Mega Doctor News
By Will Sansom, UT Health San Antonio
The Mays Cancer Center at UT Health San Antonio — South Texas’ only National Cancer Institute-Designated Cancer Center — is putting a decades-old antidepressant drug to new use in treating breast cancers that don’t respond to existing therapies.
Research in the Joe R. and Teresa Lozano Long School of Medicine at UT Health San Antonio provided compelling evidence of the drug’s anticancer activity. The discovery led to a clinical trial that benefited 15 breast cancer patients at the Mays Cancer Center.
Imipramine, the antidepressant, was approved by the U.S. Food and Drug Administration (FDA) in 1959 to treat a major depressive disorder. Long prescribed to cancer patients to fight depression, researchers have reported anecdotally that it also appears to have anticancer activity, said Ratna Vadlamudi, PhD, professor of obstetrics and gynecology and co-leader of the Cancer Development and Progression Program at the Mays Cancer Center.
The Vadlamudi laboratory is a training ground for tomorrow’s scientists — postdoctoral fellows, graduate students, and younger scholars. Vadlamudi, who has made many research discoveries in cancer, advised his protégés that the National Cancer Institute, part of the National Institutes of Health, prioritizes the repurposing of FDA-approved drugs as cancer treatments. He showed the youngest team member, Arhan Rao, a library of approved drugs. Rao studied the list and made observations. He asked if the laboratory might set its sights on imipramine. Vadlamudi and his team agreed.
The results are exciting. Imipramine inhibits triple-negative breast cancer and estrogen receptor-positive breast cancer in mouse and human tumors. These two cancers are notoriously difficult to treat in patients. Cancer Letters, a peer-reviewed journal, published the team’s results:
By reducing the signaling of the hormone estrogen, imipramine stunts the growth of estrogen receptor-positive breast cancers.
The drug also interferes with DNA repair, limiting the survival of triple-negative breast cancers. (DNA is a molecule that contains the genetic instructions we need for our bodies to operate. Because DNA is constantly under attack from factors such as radiation from the sun, DNA repair is extremely important for all cells. Without DNA repair to help them survive, cancer cells are vulnerable.)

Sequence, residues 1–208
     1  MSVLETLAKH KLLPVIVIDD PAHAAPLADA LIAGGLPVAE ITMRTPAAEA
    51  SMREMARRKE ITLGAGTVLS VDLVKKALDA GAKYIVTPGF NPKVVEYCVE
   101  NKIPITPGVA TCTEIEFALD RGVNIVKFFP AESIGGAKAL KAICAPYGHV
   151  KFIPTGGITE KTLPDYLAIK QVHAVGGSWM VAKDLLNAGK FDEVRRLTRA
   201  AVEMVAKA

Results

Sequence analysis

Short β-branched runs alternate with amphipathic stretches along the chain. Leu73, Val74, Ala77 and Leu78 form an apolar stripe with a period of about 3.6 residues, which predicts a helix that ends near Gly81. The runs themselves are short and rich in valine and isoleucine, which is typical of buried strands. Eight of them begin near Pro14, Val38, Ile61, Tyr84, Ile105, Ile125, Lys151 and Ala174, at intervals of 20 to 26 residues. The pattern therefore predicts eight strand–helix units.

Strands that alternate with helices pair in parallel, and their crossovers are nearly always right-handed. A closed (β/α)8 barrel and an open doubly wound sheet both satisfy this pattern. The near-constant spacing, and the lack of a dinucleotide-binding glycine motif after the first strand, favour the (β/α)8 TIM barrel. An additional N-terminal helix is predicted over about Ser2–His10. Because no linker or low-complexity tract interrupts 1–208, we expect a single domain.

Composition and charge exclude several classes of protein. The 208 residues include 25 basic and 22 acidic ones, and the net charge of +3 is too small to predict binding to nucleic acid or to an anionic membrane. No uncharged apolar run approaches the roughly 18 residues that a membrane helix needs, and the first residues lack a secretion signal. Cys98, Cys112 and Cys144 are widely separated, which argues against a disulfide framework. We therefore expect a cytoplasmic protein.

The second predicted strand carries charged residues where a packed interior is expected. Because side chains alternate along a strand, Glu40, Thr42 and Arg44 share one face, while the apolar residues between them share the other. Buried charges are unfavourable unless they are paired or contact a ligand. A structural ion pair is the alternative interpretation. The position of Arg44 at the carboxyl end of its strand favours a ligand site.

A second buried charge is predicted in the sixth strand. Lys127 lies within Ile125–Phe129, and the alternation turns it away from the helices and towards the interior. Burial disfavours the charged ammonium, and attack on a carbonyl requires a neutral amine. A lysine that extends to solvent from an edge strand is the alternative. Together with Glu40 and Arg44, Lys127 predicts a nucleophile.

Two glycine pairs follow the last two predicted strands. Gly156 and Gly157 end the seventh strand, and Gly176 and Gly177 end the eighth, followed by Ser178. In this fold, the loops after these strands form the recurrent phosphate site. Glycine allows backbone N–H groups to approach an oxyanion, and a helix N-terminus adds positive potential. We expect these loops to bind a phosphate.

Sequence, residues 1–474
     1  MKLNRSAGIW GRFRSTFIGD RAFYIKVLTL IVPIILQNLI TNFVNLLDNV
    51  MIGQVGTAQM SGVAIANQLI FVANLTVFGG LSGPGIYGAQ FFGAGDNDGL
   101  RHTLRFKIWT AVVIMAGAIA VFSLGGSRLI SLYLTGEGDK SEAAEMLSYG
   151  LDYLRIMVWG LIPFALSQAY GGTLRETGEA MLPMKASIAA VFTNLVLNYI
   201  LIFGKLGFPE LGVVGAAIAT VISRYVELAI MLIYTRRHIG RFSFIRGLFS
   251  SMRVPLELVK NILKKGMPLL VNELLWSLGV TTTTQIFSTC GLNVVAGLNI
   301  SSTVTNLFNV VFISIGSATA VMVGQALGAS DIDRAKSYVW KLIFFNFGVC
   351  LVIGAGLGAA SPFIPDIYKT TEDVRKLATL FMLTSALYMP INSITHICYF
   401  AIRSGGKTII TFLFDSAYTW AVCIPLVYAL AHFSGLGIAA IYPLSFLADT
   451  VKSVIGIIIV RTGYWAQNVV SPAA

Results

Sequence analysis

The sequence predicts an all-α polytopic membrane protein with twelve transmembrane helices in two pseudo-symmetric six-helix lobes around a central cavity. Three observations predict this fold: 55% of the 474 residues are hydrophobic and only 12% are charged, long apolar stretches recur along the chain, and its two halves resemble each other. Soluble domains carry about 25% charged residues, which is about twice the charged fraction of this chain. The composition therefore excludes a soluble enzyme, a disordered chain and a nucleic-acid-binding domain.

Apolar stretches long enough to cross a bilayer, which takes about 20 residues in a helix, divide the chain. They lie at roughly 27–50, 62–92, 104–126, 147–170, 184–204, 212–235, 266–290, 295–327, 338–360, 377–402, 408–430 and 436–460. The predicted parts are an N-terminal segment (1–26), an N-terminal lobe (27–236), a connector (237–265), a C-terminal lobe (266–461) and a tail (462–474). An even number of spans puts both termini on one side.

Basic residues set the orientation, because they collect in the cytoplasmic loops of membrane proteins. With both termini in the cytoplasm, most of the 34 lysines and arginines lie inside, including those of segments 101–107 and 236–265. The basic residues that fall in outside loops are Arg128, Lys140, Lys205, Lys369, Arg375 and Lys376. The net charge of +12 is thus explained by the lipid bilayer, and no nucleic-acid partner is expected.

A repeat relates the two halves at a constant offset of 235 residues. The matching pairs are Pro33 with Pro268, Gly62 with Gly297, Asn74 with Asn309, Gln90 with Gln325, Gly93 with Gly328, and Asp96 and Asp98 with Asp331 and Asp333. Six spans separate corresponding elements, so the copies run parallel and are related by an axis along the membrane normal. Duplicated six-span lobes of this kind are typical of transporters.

This solid foundation of knowledge set the table for the clinical trial directed by Virginia Kaklamani, MD, leader of the Breast Cancer Program at the Mays Cancer Center and professor of medicine in the Long School of Medicine. The clinical team gave imipramine to women newly diagnosed with breast cancer who awaited surgery.
“We typically have a window of two to three weeks or so between the diagnosis and the surgery, and this is an opportunity for us to give patients a drug and test to see how it does on cancer tissue,” Kaklamani said.
The care team obtains a biopsy as part of the initial diagnosis and another tissue specimen during surgery. “This affords two-time points so we can see how cancer has changed with the imipramine treatment,” Kaklamani said. “We did that in 15 patients, and overall, we were able to show that imipramine can decrease tumor growth.”
This small pilot study, funded by the Mays Cancer Center, is a preliminary experiment to show that imipramine is an active drug in breast cancer, Kaklamani said.
“FDA-approved drugs will be safe, as they are used to treat other diseases,” Vadlamudi said. “If the same drugs kill cancer cells, they can be used in clinics immediately.”
This perfectly reflects the National Cancer Institute’s goal to repurpose existing drug therapies for cancer. It gives new hope to South Texas women — and patients worldwide — diagnosed with these hardest-to-treat breast cancers.
UT Health San Antonio has more than 1,700 ongoing research studies that involve humans, including 450 clinical trials. These clinical trials range from endodontics and respiratory care to diabetes treatments and cancer therapies.
Source: UT Health San Antonio